1. The first point is this : the beginning of the art is to acquire a habit of easy speaking ; and in whatever way this can be had (which individual inclination or accident will generally direct, and may safely be allowed to do so), it must be had. Now, I differ from all other doctors of rhetoric in this : I say. let him first of all learn to speak easily and fluently ; as well and as sensibly as he can, no doubt ; but, at any rate, let him learn to speak. This is to eloquence, or good public speaking,
what the being able to talk in a child is to correct grammatical speech. It is the requisite foundation, and on it you must build. Moreover, it can only be acquired young, therefore let it by all means, and at any sacrifice, be gotten hold of forthwith. But in acquiring it every sort of slovenly error will also be acquired. It must be got by a habit of easy writing (which, as Windham said, proved hard reading); by a custom of talking much in good company; by debating in speaking societies, with little attention to rule, and mere love of saying something at any rate than of saying anything well. I can even suppose that more attention is paid to the matter in such discussions than to the manner of saying it ; yet still to say it easily, ad libitum, to be able to say what you choose, and what you have
This is the first requisite, to acquire which everything else must for the present be sacrificed.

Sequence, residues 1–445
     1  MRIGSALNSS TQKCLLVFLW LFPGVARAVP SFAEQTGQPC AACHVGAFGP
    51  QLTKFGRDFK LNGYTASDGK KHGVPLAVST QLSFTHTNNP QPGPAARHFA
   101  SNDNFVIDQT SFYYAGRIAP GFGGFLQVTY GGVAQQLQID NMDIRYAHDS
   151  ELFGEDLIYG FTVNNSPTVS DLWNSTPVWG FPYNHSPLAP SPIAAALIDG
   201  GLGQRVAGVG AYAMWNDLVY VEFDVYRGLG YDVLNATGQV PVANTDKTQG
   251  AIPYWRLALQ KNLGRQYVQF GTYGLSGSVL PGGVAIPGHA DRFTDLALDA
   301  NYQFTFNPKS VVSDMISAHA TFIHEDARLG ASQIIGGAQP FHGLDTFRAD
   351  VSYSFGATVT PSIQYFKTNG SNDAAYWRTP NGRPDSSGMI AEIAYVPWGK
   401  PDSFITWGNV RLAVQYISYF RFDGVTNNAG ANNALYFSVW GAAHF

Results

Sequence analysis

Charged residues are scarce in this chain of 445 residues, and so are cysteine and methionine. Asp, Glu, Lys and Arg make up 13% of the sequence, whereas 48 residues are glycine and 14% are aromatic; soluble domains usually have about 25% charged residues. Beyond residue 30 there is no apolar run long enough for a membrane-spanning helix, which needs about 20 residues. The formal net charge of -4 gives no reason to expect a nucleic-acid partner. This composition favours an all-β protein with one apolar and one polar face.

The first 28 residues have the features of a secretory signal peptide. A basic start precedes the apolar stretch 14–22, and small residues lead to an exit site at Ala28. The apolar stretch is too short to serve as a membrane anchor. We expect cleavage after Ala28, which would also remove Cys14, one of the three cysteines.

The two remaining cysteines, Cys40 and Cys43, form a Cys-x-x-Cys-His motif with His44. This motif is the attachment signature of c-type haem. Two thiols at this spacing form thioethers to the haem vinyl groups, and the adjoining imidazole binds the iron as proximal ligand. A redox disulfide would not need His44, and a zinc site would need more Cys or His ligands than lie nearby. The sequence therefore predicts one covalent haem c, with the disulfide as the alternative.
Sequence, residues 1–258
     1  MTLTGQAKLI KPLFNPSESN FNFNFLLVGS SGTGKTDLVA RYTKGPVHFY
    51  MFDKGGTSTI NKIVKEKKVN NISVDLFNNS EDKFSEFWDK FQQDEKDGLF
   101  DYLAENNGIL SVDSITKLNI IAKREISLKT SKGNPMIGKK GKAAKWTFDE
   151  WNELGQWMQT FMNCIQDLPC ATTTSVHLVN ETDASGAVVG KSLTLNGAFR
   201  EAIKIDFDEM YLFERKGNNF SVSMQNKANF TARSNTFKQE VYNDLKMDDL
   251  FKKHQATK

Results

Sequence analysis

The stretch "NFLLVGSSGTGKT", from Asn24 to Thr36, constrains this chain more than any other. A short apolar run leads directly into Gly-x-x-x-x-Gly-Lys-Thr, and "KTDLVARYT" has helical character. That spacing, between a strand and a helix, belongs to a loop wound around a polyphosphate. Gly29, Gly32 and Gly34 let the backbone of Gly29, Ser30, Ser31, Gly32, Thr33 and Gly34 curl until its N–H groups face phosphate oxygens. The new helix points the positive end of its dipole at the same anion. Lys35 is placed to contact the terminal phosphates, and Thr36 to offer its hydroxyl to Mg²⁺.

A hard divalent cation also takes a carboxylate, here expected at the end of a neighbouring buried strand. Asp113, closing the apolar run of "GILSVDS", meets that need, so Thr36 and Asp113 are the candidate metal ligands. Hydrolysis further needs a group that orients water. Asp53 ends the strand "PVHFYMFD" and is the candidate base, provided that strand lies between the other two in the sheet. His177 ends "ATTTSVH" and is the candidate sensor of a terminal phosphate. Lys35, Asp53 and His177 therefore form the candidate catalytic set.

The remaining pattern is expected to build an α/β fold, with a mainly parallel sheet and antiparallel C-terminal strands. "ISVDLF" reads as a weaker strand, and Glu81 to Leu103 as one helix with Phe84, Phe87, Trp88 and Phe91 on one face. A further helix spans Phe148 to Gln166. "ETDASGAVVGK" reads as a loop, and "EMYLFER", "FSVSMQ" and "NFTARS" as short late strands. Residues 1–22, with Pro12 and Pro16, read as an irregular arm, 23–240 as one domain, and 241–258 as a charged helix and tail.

2. The next step is the grand one—to convert this style of easy speaking into chaste eloquence. And here there is but one rule. I do earnestly entreat your son to set daily and nightly before him the Greek models. First of all he may look to the best modern speeches (as he probably has already) ; Burke's best compositions, as The Thoughts on the Cause of the Present Discontents; Speech on the American Conciliation, and On the Nabob of Arcot's Debt; Fox's Speech on the Westminster Scrutiny (the first part of which he should pore over till lie has it by heart; On the Russian Armament; and On the War, 1803; with one or two of Windham's best ; few, or rather none, of Sheridan's. But he must by no means stop here ; if he would be a great orator he must go at once to the fountain-head, and be familiar with every one of the great orations of Demosthenes. I take for granted that he knows those of Cicero by heart; they are very beautiful, but not very useful, except perhaps the Milo, Pro Ligario, and one or two more. But the Greek must positively be the model ; and merely reading it, as boys do, to know the language, won't do at all; he must enter into the spirit of each speech, thoroughly know the positions of the parties, follow each turn of the argument, and make the absolutely perfect, and most chaste and severe composition familiar to his mind. His taste will improve every time he reads and repeats to himself (for he should have the fine passages by heart), and he will learn how much may by done by a skilful use of a few words, and a rigorous rejection of all superfluities. In this view I hold a familiar knowledge of Dante to be next to Demosthenes. It is in vain to say that imitations of these models won't do for our times. First, I do not counsel any imitation, but only an imbibing of the same spirit. Secondly, I know from experience that nothing is so successful in these times (bad though they be) as what has been formed on the Greek models. I use a very poor instance in giving my own experience; but I do assure you that, both in courts of law and Parliament, and even to mobs, I have never made so much play (to use a very modern phrase) as when I was almost translating from the Greek. I composed the peroration of my speech for the Queen, in the Lords, after reading and repeating Demosthenes for three or four weeks, and I composed it twenty times over at least, and it certainly succeeded in a very extraordinary degree, and far above any merits of its own. This leads me to remark that, though speaking without writing before hand is very well until the habit of easy speech is acquired, yet after that he can never write too much ; this is quite clear. It is laborious, no doubt; and it is more difficult beyond comparison than speaking off-hand ; but it is necessary to perfect oratory, and, at any rate, it is necessary to acquire the habit of correct diction. But I go further and say, even to the end of a man's life, he must prepare, word for word, most of his finer passages. Now, would he be a great orator or no? In other words, would he have almost absolute power of doing good to mankind or no ? So he wills this, he must follow these rules.